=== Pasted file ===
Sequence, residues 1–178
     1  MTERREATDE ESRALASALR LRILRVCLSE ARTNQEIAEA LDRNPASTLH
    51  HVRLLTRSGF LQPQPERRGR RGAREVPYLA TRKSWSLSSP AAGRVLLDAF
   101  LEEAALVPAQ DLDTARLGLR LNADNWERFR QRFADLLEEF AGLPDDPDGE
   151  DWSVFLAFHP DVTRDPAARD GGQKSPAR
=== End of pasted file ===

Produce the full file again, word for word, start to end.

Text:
Sequence, residues 1–178
     1  MTERREATDE ESRALASALR LRILRVCLSE ARTNQEIAEA LDRNPASTLH
    51  HVRLLTRSGF LQPQPERRGR RGAREVPYLA TRKSWSLSSP AAGRVLLDAF
   101  LEEAALVPAQ DLDTARLGLR LNADNWERFR QRFADLLEEF AGLPDDPDGE
   151  DWSVFLAFHP DVTRDPAARD GGQKSPAR